Sonya Looney describes herself as a normal person who has been able to achieve extraordinary things through hard work, self-belief, determination, moxie, and grit. That includes being a World Champion mountain bike racer who has competed in over 25 countries, in places like the Sahara Desert, the Himalayas, and the Mongolian steppes. She’s also a runner, a TEDx speaker, an entrepreneur, and host of her own podcast, The Sonya Looney Show.
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“I love the ultra endurance stuff just because I feel like you really get to know who you are as a person.”
Sonya’s mountain bike races are usually 50 – 100 miles or 24-hour races. She loves the endurance aspect, and also that “you have a lot of time out there and it’s so mental, and the range of emotions that you experience in the course of a day is so diverse, and you wouldn’t necessarily feel those in your daily life.”
“If I can safely push through this thing, then that builds my confidence and my self- belief for the next time.”
The obstacles in endurance mountain bike racing require the rider to make a choice: do I go on, or do I quit? Life, of course, is the same. As Sonya says, “you learn over time that giving up makes you give up more,” so she chooses to take on the challenges. You can look back on the hard things that you did and got through, and then “you can remember that and then you just keep going and going.”
“Optimism is accepting the difficult things as they come up, but knowing that with effort and maybe a little bit of grit that they can get even better.”
Sonya believes that to do those hard things, you need to train optimism. That doesn’t mean “just blindly thinking that everything is going to be fine and ignoring all the difficult things.” You need to be aware of your negative thoughts, but instead of giving into them, you can work on confronting and overcoming them.
“The outcome isn’t the most important thing about what you’re doing.”
One of the greatest fears that people have is failing to meet the expectations of others, or even harder, of ourselves. Sonya emphasizes the importance of being focused on the process, because “you’re not entitled to the outcome. Like you might think, “I deserve to win’ or ‘I deserve this,’ but so does everybody else out there that’s working just as hard as you, or maybe even harder than you. So really it’s about being proud of your effort at the end of the day.”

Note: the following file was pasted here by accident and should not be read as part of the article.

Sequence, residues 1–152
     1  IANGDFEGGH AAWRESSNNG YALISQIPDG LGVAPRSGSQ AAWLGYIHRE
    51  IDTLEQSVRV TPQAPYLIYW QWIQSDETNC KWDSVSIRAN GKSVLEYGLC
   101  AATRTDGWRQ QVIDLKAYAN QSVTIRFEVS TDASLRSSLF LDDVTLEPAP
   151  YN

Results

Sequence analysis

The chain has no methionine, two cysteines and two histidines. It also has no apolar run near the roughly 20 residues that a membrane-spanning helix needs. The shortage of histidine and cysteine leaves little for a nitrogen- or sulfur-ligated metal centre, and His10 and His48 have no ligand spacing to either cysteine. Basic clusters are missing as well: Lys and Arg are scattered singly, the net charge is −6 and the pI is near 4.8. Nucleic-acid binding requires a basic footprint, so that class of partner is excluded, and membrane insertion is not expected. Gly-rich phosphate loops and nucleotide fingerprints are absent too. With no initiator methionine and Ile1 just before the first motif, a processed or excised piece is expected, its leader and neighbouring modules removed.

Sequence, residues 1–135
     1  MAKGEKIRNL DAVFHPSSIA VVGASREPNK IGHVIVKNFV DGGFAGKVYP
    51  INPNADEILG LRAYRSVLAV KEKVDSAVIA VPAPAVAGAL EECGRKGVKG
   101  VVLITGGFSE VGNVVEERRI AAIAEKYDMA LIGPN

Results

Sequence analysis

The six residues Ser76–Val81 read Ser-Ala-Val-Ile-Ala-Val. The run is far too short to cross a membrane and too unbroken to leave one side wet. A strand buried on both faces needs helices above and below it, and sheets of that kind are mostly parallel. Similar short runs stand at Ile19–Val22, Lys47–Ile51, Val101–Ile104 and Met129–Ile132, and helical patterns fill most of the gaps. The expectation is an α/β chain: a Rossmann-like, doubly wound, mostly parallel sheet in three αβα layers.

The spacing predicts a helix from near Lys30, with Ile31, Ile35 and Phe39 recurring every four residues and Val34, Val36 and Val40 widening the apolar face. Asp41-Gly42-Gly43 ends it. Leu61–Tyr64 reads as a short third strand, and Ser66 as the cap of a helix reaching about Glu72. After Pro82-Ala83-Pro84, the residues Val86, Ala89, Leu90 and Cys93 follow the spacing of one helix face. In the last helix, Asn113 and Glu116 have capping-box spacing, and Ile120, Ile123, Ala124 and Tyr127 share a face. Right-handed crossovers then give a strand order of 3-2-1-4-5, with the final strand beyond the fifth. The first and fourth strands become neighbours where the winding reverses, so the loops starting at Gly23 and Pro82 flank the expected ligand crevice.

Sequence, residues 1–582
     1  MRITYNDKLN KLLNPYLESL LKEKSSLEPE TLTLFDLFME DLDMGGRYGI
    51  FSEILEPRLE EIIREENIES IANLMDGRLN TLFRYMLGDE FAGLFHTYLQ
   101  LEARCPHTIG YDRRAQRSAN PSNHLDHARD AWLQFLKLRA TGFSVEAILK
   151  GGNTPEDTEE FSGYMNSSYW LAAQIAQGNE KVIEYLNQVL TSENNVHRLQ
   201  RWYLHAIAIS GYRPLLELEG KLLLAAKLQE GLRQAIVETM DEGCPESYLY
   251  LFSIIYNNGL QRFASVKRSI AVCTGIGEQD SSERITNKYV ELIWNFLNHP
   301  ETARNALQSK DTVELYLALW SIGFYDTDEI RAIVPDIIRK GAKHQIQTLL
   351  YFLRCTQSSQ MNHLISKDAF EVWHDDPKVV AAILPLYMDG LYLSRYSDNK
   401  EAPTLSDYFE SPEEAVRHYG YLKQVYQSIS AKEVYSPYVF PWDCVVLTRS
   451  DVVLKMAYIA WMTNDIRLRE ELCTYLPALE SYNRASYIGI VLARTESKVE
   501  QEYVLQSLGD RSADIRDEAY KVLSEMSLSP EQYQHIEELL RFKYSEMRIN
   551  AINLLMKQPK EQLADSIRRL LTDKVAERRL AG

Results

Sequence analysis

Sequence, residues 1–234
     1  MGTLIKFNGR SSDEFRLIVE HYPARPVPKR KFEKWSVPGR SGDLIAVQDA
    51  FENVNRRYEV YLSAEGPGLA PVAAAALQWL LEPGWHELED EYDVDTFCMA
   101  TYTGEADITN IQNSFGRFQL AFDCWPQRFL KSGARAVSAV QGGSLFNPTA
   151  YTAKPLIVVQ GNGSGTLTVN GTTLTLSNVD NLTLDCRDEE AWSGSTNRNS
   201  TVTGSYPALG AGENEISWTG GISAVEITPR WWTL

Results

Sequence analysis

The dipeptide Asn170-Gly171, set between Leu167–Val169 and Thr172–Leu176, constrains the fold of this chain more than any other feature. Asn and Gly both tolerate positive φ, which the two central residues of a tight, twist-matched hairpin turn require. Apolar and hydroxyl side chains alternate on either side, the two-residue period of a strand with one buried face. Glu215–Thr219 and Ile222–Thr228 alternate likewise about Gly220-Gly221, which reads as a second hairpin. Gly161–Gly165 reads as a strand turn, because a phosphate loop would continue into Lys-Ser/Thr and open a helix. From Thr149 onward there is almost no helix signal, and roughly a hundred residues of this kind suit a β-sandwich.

“Our lives get over complicated, focusing on all these things that we think that we need to feel good.”
One thing that Sonya has learned through her travels in other countries is that “you don’t really need that much to be happy.” There are places where people live very simply, but they’ve found a way to make it work for them. Seeing that has made her ask herself what she really needs to feel fulfilled, and to appreciate all “the basic things we take for granted.”
“Ask yourself, what are the consequences if I don’t speak up and will I regret it if I don’t speak up or do the thing?”
Sonya has chosen to compete in some smaller races in other countries because it’s important to her “to have a different lens on life,” even if that means passing up more prestigious races that could get her bigger sponsorships or more media coverage. She’s found that when you don’t follow your heart, “a lot of times you do regret it if you don’t do it, and that’s because it’s clashing with something that you fundamentally believe in.”
“I think a lot of us do feel like people will love us more if you achieve more.”
Following your own path can be difficult, especially if it means doing something that you’re afraid you might not be good at, or that other people won’t approve of or understand. But Sonya believes that “if you have the courage to explore that curiosity, to just open a door or to try an opportunity that comes your way that sounds interesting, you’re going to learn so much.” As she says, “it’s not my quote, but be brave enough to suck at something new.”
“Just focus on the joy of getting better, because there is a lot of fun in getting better at something, but it requires getting started, even if you’re bad at it.”
Thank you to Tracksmith and Generation UCAN for sponsoring this episode.
Tracksmith is a Boston based company that truly cares about the quality of their running clothes. Running can be demanding on our clothes; they definitely go through wear and tear to where we may be purchasing new clothes constantly. Tracksmith designers work with the finest materials and keep you in mind as a runner, with spots for your keys, phone, and fuel. You can go here to check out my favorites!
Thank you, Generation UCAN. I have been talking about them for years and they are my ONLY source for fueling while I am training and racing. And without fail, I have a product of UCAN every day, whether it is a Peanut Butter Chocolate Bar or their delicious Cookies and Cream Protein Powder. I am also excited to share with you a NEW product, a gel! It’s fueled with Superstarch and ready to go wherever you are headed.
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“Thank you” to Sonya. We look forward to hearing your thoughts on the show.